What was to become of those who were denied coverage? Many died. That's immoral. The govt. is supposed to support programs that advance the public good. Allowing health insurance companies to guarantee their profits while letting the citizens with serious illness die is a pathetic system, and that's why it had to be changed.
The government is not your moral agent, sorry.What was to become of those who were denied coverage? Many died. That's immoral. The govt. is supposed to support programs that advance the public good. Allowing health insurance companies to guarantee their profits while letting the citizens with serious illness die is a pathetic system, and that's why it had to be changed.
The govt. WAS the moral agent in the 50's and 60's in ending segregation in the south. I can tell you it was unpopular, I was there, but it was the right thing to do. The govt. is capable of corruption, but in healthcare reform they are acting as the moral agent. They are providing the counterbalance to the power of the health ins. companies in a way that NOBODY else could.
And Obamacare is very similar to the repub healthcare reform plan from 1993:
Summary Of A 1993 Republican Health Reform Plan - Kaiser Health NewsIn November, 1993, Sen. John Chafee, R-R.I., introduced what was considered to be one of the main Republican health overhaul proposals: "A bill to provide comprehensive reform of the health care system of the United States."
Titled the "Health Equity and Access Reform Today Act of 1993," it had 21 co-sponsors, including two Democrats (Sens. Boren and Kerrey). The bill, which was not debated or voted upon, was an alternative to President Bill Clinton's plan. It bears similarity to the Democratic bill passed by the Senate Dec. 24, 2009, the Patient Protection and Affordable Care Act.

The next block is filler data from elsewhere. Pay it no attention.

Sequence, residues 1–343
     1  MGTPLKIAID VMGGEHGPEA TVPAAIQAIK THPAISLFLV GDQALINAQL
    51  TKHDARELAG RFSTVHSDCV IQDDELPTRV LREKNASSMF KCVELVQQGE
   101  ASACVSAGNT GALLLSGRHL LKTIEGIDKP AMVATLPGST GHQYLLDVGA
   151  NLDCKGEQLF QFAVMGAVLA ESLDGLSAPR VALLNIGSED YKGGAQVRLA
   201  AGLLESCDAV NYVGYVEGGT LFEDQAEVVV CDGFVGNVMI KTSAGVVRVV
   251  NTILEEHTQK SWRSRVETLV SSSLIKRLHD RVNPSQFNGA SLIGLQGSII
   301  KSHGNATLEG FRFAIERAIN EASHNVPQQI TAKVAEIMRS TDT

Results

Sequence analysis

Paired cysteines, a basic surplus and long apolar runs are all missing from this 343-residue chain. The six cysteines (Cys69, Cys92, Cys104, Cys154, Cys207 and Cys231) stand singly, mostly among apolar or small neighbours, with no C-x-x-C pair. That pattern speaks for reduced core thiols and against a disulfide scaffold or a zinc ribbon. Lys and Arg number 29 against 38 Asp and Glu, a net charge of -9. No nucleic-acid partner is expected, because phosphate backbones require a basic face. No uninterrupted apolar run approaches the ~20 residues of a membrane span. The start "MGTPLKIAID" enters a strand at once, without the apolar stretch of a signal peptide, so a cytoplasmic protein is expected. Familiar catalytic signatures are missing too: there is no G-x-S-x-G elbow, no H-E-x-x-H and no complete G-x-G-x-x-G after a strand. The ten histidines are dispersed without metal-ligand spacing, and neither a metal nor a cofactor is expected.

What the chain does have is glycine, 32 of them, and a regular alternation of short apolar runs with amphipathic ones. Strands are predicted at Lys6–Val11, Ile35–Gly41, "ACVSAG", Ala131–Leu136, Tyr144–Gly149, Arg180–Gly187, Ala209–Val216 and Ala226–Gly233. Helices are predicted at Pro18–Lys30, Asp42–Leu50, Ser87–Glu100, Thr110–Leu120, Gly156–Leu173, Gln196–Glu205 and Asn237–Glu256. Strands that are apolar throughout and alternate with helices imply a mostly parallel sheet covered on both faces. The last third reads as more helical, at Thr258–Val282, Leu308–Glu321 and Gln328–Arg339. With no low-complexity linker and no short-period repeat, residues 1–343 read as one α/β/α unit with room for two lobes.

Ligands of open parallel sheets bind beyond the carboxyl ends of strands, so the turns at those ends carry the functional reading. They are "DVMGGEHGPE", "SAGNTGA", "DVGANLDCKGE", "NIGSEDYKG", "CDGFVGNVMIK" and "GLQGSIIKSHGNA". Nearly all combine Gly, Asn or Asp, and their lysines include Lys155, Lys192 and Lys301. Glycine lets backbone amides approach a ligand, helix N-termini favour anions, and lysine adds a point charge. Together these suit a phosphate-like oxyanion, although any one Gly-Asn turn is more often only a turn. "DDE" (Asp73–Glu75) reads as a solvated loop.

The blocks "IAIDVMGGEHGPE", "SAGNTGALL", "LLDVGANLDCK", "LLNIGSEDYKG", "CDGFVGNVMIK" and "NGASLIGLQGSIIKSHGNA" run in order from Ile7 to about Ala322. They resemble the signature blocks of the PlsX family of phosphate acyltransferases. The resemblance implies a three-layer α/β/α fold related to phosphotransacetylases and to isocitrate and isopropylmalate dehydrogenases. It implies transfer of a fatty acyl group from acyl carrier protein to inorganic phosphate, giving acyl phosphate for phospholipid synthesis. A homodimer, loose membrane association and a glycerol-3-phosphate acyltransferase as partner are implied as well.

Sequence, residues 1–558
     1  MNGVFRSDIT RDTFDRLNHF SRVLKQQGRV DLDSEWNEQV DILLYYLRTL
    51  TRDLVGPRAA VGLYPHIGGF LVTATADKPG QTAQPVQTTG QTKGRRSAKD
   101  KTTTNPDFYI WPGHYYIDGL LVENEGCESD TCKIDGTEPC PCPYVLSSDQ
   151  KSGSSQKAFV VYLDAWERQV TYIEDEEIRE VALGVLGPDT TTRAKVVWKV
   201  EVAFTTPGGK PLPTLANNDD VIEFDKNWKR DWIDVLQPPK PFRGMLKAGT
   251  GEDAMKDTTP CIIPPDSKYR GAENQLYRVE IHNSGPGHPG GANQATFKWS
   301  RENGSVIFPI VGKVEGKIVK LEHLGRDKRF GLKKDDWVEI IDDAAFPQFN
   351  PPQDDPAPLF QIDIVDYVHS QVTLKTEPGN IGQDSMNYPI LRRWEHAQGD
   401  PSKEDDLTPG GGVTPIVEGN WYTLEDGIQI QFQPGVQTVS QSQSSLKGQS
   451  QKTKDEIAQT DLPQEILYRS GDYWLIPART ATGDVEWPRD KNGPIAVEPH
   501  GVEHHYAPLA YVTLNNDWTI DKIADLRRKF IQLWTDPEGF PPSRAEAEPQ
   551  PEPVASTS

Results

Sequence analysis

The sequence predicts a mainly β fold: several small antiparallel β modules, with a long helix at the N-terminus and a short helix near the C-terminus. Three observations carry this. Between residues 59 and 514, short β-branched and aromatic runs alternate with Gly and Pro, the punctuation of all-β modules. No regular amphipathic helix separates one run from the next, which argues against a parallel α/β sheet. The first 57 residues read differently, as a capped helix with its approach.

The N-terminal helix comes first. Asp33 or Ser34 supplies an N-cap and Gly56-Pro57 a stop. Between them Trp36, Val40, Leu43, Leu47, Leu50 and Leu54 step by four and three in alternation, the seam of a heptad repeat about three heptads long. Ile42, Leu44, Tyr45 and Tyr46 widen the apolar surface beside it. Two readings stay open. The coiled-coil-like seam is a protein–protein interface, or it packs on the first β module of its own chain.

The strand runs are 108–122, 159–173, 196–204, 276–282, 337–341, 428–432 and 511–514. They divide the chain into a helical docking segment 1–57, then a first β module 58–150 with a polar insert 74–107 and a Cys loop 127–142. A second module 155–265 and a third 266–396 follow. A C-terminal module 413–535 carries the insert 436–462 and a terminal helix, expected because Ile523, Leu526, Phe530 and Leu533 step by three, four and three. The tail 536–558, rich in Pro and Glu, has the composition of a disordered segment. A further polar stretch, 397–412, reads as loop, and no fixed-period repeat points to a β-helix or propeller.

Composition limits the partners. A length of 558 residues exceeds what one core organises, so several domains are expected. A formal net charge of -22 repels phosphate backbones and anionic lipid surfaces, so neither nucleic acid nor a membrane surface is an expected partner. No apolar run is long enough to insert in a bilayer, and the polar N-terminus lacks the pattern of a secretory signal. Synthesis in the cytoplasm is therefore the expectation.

Here is a summary of the 1993 bill:
Title I: Basic Reforms to Expand Access to Health Insurance Coverage and to Ensure Universal Coverage - Subtitle A: Universal Access - Provides access to health insurance coverage under a qualified health plan for every citizen and lawful permanent resident of the United States.
(Sec. 1003) Establishes a program under which persons with low incomes (and who are not eligible for Medicaid) will receive vouchers to buy insurance through purchasing groups.
(Sec. 1004) Requires each employer to make available, either directly, through a purchasing group, or otherwise, enrollment in a qualified health plan to each eligible employee.
Subtitle B: Qualified General Access Plan in the Small Employer and Individual Marketplace- Requires the National Association of Insurance Commissioners to develop specific standards to implement requirements concerning: (1) guaranteed eligibility, availability, and renewability of health insurance coverage; (2) nondiscrimination based on health status; (3) benefits offered; (4) insurer financial solvency; (5) enrollment process; (6) premium rating limitations; (7) risk adjustment; and (8) consumer protection.